There is no case for improving systems where there is no team buy-in; because systems are driven by people; where people and systems are not aligned, organisations cannot meet their performance targets. Critical to the process is the need to ensure that people buy into whatever new processes are introduced to improve performance, and subsequently drive a high performing team and the creation of a high-performance culture thereof. And where teams fail, it reflects the failure of leadership; not only in organisations, in nations as well.

Creating a high-performance culture in distressful times: this is what businesses should consider:
1. Reset and realign processes and organisational structures – agility will allow teams to become flexible and responsive resulting in quick adaptations of mitigating the threats caused by this massive disruption.
2. Leveraging on the virtual and technological platforms – ensure the ability to fast-track the speed of change to achieve quick adaptation.
3. Continuous professional and leadership development – actively engage and empower leadership to excel in the execution of processes that deliver value to the customers’ sustainability.
4. Relentless – leaders need to create shared change purpose and a compelling case for change in alignment with the organisation’s directions.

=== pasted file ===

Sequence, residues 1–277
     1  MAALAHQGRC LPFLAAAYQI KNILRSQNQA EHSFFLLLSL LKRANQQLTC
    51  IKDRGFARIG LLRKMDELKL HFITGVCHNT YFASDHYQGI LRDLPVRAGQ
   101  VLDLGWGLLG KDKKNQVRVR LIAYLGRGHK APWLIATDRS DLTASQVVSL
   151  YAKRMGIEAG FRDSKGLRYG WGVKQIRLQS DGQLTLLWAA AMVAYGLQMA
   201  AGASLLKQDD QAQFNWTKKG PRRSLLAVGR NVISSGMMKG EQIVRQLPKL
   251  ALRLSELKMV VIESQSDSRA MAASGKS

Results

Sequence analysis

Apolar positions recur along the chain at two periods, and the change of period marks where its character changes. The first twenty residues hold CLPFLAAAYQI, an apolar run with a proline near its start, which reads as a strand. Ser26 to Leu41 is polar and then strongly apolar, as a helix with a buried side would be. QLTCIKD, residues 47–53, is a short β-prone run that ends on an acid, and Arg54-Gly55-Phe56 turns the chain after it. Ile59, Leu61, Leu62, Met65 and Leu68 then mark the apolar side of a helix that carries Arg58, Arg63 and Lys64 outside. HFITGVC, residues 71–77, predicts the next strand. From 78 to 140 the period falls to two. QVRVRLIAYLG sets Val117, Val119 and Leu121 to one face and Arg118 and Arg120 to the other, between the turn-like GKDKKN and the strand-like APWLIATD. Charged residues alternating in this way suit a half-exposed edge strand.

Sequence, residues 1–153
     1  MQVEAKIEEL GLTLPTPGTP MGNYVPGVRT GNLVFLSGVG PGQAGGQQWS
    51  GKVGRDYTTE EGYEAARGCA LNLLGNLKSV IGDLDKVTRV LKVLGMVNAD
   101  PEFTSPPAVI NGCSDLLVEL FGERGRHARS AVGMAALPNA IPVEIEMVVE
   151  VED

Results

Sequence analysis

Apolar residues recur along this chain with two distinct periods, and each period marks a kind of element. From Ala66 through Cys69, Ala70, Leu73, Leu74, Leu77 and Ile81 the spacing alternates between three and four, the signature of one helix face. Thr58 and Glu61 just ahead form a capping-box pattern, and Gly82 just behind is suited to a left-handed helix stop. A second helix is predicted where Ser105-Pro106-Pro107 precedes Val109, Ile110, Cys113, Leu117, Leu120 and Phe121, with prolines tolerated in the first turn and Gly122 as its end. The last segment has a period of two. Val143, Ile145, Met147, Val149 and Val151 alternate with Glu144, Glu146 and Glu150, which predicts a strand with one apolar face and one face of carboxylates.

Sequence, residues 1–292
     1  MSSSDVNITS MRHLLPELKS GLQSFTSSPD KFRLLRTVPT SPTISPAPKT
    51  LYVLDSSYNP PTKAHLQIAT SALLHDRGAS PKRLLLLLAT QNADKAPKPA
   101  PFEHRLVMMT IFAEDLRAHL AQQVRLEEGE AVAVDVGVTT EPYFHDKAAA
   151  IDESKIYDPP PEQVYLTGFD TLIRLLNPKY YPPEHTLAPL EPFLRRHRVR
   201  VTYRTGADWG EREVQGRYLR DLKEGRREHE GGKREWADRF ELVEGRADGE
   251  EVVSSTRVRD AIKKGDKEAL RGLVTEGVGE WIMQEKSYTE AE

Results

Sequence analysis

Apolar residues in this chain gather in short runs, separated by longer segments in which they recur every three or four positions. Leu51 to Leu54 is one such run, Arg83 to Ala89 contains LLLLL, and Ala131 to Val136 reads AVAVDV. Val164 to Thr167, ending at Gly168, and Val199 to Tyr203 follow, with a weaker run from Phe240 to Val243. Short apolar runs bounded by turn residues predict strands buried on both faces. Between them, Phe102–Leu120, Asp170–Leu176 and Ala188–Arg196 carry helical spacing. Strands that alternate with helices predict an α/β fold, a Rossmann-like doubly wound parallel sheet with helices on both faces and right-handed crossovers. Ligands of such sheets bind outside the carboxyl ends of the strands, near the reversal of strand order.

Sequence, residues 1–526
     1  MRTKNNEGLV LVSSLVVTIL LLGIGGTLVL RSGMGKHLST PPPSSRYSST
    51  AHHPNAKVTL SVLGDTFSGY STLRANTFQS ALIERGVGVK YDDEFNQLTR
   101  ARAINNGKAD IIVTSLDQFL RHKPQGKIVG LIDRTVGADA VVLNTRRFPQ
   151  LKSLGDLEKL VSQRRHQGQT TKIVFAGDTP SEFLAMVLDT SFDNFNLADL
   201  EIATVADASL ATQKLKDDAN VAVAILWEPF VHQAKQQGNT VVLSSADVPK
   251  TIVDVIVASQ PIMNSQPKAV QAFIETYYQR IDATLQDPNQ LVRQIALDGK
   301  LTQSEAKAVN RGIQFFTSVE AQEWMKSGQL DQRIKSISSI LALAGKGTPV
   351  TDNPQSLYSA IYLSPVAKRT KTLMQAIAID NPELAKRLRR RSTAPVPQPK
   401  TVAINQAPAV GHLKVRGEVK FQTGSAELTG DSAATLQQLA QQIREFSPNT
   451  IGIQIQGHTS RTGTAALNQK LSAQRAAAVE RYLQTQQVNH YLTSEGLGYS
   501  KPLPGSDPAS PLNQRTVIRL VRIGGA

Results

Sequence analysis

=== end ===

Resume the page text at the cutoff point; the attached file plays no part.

5. Conduct periodic reviews to speed up performance and continuously provide feedback to ensure that colleagues are at ease and anxiety-free while ensuring frequent communication in various communications methods.
6. Conduct post-Covid-19 work from home reviews by capturing, and communicating the challenges, lesson learnt to avoid reoccurrence in the future as well as success stories of what worked for the business to thrive in the disruption. Then document every detail to update the business process that will assist to improve the operational capabilities.

Several tools exist to support strategies aimed at building a high-performance culture. Among them are performance measurement and monitoring tools as well as basic problem solving and root cause analysis tools; designed to identify gap areas within an organisation and establish areas of prioritisation for high performance. When institutions clearly understand their costs, their market, ability to reinvent to improve efficiencies, their digital needs and gaps in innovation, when they understand how to optimise their human capital, engage in realising value, internalise problem-solving, create and sustain a high-performance culture, with a committed and strong leadership to support improved processes to drive high performance, only then can they begin to thrive.

The use of monitoring and evaluation tools, including basic problem solving and root cause analysis tools are critical to the process. Real-time data and status reviews also provide a good measure for monitoring progress on high-performance interventions. These enable teams to identify areas that require refocusing and recovery action to take place.

Where change management is not embraced, leadership is not committed and communication is disjointed; topped by unrealistic targets and misalignment of the balance scorecard, the process is bound to fail.

High-performance strategies should be aligned with the operational model to achieve the desired outcomes.

Moses Petja is the Group Director for High Performance at Servest. The company employs 24,000 colleagues and is one of the largest integrated facilities management companies in Africa, with a presence in eight countries across the continent.